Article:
Given the massive global popularity of messaging, the market in play is enormous. Nexmo is a quickly growing company that provides carrier-direct SMS and Voice APIs that developers can use to reach phones around the world. Vying for traction in the space with competitors like Twilio, Nexmo has raised raised $3 million earlier this year, and unlike so many other young technology companies, is profitable. However, it is a somewhat quiet company.
I recently sat down with Nexmo’s CEO Tony Jamous to dig into just how quickly his company is growing, how it managed to break into the black and what its next plans are. Jamous is affable, and provided TechCrunch with far more hard numbers than most firms are willing to share. Then again, most companies don’t share, because showing off how much money you lose isn’t too flattering. Nexmo doesn’t have that problem.
I won’t be focusing on the technical aspects of Nexmo and its industry in this post. That’s a discussion for another day.
Nexmo’s revenue grew at a stable 20 percent monthly for the first half of 2013. That income directly corresponds to the firm’s 20 percent average monthly growth rate of its through-traffic during the same period.
Chronologically, Nexmo began to accelerate around the time of its most recent round of funding – the company has raised a total of $3.83 million. Jamous referred to the cash injection as a “shot in the arm.” Ask any CEO what he intends to do with a new round of funding, and her response every time is the same: Acceleration. Nexmo is no different.
Using its most recent $3 million, Nexmo grew its sales team and signed several new and large clients. But in its favor, existing customers grew in scale, directly boosting traffic through its APIs and, thus, increasing revenue.
Nexmo has been caught in a contented updraft: It counts among its customers, by its estimation, about 80 percent of the “Over-The-Top Content” message market (OTT). Line, Viber and KaKaoTalk are among the larger OTT messaging services, and they use Nexmo. The company also works with other OTT players, but asked me not publish their names, citing private contracts.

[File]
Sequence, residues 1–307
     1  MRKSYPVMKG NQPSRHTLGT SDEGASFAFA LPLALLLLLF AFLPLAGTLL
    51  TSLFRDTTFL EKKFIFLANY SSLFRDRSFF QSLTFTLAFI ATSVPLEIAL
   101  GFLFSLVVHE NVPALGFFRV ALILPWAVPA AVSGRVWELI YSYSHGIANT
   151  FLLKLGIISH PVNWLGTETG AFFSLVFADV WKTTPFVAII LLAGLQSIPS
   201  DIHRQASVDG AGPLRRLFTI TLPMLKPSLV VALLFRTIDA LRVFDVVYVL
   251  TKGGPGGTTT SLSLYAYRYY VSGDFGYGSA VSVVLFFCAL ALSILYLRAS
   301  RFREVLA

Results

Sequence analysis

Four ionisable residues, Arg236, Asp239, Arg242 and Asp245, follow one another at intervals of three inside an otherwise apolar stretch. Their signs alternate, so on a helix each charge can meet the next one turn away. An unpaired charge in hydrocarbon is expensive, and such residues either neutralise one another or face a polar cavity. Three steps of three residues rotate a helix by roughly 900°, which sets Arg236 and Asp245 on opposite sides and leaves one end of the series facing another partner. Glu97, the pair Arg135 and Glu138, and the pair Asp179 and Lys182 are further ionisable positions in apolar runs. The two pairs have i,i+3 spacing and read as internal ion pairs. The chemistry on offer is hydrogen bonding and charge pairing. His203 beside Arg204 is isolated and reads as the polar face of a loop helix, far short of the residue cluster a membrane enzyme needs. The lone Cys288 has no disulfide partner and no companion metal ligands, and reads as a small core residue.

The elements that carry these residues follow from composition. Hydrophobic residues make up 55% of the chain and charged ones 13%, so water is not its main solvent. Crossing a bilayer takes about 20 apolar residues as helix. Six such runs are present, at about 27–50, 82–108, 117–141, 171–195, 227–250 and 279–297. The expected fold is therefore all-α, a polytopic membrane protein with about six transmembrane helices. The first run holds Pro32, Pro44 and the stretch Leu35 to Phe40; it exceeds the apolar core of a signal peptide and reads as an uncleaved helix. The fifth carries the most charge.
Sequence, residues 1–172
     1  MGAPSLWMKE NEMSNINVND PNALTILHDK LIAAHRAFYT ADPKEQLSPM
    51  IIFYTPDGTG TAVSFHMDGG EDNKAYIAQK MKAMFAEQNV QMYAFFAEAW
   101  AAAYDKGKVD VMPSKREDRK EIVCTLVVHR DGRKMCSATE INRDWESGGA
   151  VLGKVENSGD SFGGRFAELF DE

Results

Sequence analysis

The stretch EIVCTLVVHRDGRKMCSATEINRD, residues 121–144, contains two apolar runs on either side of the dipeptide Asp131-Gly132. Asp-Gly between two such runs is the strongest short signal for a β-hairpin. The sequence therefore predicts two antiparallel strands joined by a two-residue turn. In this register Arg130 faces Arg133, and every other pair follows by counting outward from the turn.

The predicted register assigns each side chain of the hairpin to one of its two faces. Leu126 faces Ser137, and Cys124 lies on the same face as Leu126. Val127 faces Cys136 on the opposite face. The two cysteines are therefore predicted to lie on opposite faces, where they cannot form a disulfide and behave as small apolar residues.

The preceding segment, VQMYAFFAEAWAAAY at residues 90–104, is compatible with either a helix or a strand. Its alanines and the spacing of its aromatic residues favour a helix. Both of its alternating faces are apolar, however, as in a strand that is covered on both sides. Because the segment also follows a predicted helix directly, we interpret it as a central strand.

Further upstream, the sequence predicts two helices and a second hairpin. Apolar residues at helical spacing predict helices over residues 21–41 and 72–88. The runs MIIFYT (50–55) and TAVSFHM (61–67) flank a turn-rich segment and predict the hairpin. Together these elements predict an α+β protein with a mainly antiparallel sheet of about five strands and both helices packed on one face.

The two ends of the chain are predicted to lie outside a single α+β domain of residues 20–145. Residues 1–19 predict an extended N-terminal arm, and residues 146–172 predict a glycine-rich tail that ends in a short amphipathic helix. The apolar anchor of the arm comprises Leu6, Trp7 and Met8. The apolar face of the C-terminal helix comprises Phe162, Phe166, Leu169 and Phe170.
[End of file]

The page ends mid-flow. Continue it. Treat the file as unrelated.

To supplement the growth in its SMS business, Nexmo began to support voice calls in June. In July, 4 million calls were sent through the new service. Jamous stated that the voice part of Nexmo grew quickly at launch because existing clients had requested it, putting demand in place from its first day in operation. Twilio, which has been in the call game far longer, recently announced that it is handling about 4 million calls daily. I don’t have Nexmo’s comparable figure. Jamous did tell me that Nexmo has handled more than 1.4 billion voice and SMS API transactions.
Voice currently comprises 7 percent of Nexmo revenue, and the company expects it to rise to 15 percent of its fourth quarter revenue.
Nexmo had revenues of $4 million in August. That figure is more than the company has raised, to date, it’s worth noting. That revenue rate puts Nexmo at around a $50 million yearly run rate. The company will exceed that rate in 2013, provided that it continues to grow.
According to Jamous, Nexmo expects total revenue of around $40 million for calendar 2013. Twilio was tipped earlier in 2013 to be on track for about $50 million in revenue for the year, putting the companies on rough top-line parity.
Extrapolating from the August revenue figure, assuming that Nexmo grows at 5 percent monthly – a reduced pace, but one that I think is a reasonable projection – Nexmo would generate just under $9 million in top line next December. That would put it on a nine-figure yearly run rate.